Tsunami bike unveiled at Harley-Davidson Museum

MILWAUKEE – A special bike is on display at the Harley-Davidson Museum.

It's known as the "tsunami bike." The bike traveled all the way across the Pacific Ocean following the earthquake and tsunami in Japan last year.

On the first floor of the museum stands the rusty and corroded 2004 Harley-Davidson Softail Night Train.  It clearly put up quite a fight against Mother Nature - a journey dating back more than a year and a half.

The bike was swept into the sea during the tsunami March 2011 and traveled 4,000 miles inside a cargo container.  A year later, it washed up on a remote island off the coast of British Columbia.

A man by the name of Peter Mark made the discovery.

“He could tell right away this was someone's belongings -- particularly when he saw the Japanese license plate on the back,” Brook Smith, Harley-Davidson Museum Project Manager of Communications said.

After some help from Harley, the bike was traced back to Ikuo Yokoyama - a survivor of the earthquake and tsunami. 15,000 were killed, including some of Yokoyama's family members.  His town was flooded and he lost his home, but the one thing that remained intact, he learned, was his motorcycle.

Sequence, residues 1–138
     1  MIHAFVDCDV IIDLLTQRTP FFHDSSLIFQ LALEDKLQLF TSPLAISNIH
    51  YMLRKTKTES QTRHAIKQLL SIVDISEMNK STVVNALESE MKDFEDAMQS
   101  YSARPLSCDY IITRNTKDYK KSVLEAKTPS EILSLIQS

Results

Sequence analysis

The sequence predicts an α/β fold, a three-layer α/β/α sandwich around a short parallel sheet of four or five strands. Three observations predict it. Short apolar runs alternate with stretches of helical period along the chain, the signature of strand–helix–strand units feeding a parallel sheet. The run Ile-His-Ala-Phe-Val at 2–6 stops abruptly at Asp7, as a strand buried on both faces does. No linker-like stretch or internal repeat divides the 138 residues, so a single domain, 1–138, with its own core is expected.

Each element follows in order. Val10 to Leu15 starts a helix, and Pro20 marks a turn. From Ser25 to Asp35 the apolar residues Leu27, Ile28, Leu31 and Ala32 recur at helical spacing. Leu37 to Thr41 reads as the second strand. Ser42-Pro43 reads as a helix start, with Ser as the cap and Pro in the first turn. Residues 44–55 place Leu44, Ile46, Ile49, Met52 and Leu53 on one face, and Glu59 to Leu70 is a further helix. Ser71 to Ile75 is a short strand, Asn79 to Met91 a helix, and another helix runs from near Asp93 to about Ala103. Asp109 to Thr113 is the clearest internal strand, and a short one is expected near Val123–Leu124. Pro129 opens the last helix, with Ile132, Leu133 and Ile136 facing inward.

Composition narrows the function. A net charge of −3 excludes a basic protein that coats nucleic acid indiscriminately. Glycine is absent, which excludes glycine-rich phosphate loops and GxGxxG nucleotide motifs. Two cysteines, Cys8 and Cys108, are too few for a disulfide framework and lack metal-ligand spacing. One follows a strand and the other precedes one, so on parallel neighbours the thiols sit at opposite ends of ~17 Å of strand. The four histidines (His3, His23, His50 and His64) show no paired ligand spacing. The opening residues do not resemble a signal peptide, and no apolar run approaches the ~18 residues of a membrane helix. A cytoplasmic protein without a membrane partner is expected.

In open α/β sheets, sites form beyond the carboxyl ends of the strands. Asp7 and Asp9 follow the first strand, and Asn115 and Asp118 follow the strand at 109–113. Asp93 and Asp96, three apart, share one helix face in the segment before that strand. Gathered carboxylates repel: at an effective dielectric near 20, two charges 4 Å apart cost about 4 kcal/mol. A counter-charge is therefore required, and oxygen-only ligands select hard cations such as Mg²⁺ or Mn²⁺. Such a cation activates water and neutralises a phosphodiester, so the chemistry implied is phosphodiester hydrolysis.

“As you can imagine, his life was significantly impacted by the devastating tsunami,” Smith said.

Instead of having the bike returned to him, he had a special request.

“He actually requested that we bring the motorcycle here to the Harley-Davidson Museum for display as a memorial to all the victims from the tsunami,” Smith said.

The rare, surviving set of wheels is now a part of the museum's permanent collection for the public to see.

“Keeping it intact certainly shows the journey of the motorcycle, but it also shows the power of Mother Nature,” senior curator Kristen Jones said.

Jones says the bike helps shed light on one of the world's most tragic natural disasters and serves as a tribute to the lives lost and forever changed.

Harley-Davidson has offered to fly Yokoyama to the museum and see the bike, which he has yet to accept.  He currently lives in temporary housing in Japan’s Miyagi prefecture.